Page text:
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Open Forum Infect Dis. 2015 Jul 9;2(3):ofv109. doi: 10.1093/ofid/ofv109. eCollection 2015 Sep.

Predicting Risk of End-Stage Liver Disease in Antiretroviral-Treated Human Immunodeficiency Virus/Hepatitis C Virus-Coinfected Patients.

Author information

1
Departments of Medicine ; Biostatistics and Epidemiology and Center for Clinical Epidemiology and Biostatistics , Perelman School of Medicine, University of Pennsylvania , Philadelphia ; Medical Service , Philadelphia VA Medical Center , Pennsylvania.
2
Biostatistics and Epidemiology and Center for Clinical Epidemiology and Biostatistics , Perelman School of Medicine, University of Pennsylvania , Philadelphia.
3
VA Connecticut Healthcare System , West Haven ; Yale University School of Medicine , New Haven, Connecticut.
4
VA Greater Los Angeles Healthcare System and David Geffen School of Medicine at UCLA , California.
5
Chronic Viral Illness Service , McGill University Health Centre , Montreal , Canada.
6
Atlanta VA Medical Center and Emory University School of Medicine , Georgia.
7
Infectious Diseases Section, Michael E. DeBakey VA Medical Center and Department of Medicine , Baylor College of Medicine , Houston, Texas.
8
VA Pittsburgh Healthcare System , Pennsylvania ; Hamad Healthcare Quality Institute , Doha, Qatar ; Hamad Medical Corporation , Doha, Qatar.
9
Washington DC VA Medical Center , George Washington University Medical Center , Washington, District of Columbia.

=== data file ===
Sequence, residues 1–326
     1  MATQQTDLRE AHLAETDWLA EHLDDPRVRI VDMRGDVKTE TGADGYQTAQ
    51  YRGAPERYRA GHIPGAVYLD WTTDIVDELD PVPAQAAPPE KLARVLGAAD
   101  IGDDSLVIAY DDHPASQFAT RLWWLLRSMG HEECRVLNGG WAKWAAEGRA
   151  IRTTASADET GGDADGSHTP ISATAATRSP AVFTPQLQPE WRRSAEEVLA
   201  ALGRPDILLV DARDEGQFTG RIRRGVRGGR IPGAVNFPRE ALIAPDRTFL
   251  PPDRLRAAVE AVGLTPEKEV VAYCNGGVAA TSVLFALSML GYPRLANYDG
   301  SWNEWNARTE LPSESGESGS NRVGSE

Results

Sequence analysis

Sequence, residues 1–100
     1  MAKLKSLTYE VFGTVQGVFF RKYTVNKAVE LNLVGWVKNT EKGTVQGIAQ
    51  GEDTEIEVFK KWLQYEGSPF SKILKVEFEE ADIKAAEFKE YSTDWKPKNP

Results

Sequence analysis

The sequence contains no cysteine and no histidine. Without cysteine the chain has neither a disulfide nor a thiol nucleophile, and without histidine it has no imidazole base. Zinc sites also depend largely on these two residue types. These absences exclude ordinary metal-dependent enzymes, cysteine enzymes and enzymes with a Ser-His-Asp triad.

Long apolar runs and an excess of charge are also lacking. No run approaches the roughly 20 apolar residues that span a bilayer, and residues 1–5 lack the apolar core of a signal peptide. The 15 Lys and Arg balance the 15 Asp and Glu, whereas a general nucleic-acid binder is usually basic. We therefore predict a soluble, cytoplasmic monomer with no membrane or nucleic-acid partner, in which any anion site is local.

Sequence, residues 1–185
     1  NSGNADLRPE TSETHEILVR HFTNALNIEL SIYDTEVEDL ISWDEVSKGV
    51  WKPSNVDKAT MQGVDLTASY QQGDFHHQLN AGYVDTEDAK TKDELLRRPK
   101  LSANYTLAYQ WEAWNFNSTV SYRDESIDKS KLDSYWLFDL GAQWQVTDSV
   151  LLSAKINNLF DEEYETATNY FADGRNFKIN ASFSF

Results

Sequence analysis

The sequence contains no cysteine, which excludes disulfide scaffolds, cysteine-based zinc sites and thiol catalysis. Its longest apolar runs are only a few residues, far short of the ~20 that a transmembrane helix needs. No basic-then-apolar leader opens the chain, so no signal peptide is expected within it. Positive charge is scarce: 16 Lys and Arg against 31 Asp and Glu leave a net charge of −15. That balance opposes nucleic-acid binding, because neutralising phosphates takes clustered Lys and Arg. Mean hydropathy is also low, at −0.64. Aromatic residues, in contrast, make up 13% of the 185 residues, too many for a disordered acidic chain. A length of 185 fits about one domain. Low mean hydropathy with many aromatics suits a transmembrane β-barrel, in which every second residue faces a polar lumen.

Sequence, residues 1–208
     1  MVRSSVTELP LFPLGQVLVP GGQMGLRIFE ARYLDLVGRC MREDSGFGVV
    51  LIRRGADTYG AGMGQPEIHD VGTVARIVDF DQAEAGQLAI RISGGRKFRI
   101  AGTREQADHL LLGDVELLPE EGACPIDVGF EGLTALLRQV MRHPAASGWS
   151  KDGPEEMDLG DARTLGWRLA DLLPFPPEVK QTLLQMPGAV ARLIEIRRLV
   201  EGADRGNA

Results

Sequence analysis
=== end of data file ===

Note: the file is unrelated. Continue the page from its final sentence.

10
James J. Peters VA Medical Center and Mt. Sinai School of Medicine , New York, New York.
11
Yale University School of Medicine , New Haven, Connecticut ; Yale School of Public Health , New Haven, Connecticut.
12
Departments of Medicine.

Abstract

BACKGROUND:

 End-stage liver disease (ESLD) is an important cause of morbidity among human immunodeficiency virus (HIV)/hepatitis C virus (HCV)-coinfected patients. Quantifying the risk of this outcome over time could help determine which coinfected patients should be targeted for risk factor modification and HCV treatment. We evaluated demographic, clinical, and laboratory variables to predict risk of ESLD in HIV/HCV-coinfected patients receiving antiretroviral therapy (ART).

METHODS:

 We conducted a retrospective cohort study among 6016 HIV/HCV-coinfected patients who received ART within the Veterans Health Administration between 1997 and 2010. The main outcome was incident ESLD, defined by hepatic decompensation, hepatocellular carcinoma, or liver-related death. Cox regression was used to develop prognostic models based on baseline demographic, clinical, and laboratory variables, including FIB-4 and aspartate aminotransferase-to-platelet ratio index, previously validated markers of hepatic fibrosis. Model performance was assessed by discrimination and decision curve analysis.

RESULTS:

 Among 6016 HIV/HCV patients, 532 (8.8%) developed ESLD over a median of 6.6 years. A model comprising FIB-4 and race had modest discrimination for ESLD (c-statistic, 0.73) and higher net benefit than alternative strategies of treating no or all coinfected patients at relevant risk thresholds. For FIB-4 >3.25, ESLD risk ranged from 7.9% at 1 year to 26.0% at 5 years among non-blacks and from 2.4% at 1 year to 14.0% at 5 years among blacks.

CONCLUSIONS:

 Race and FIB-4 provided important predictive information on ESLD risk among HIV/HCV patients. Estimating risk of ESLD using these variables could help direct HCV treatment decisions among HIV/HCV-coinfected patients.

KEYWORDS:

HIV; HIV/HCV coinfection; end-stage liver disease; hepatic decompensation; hepatitis C

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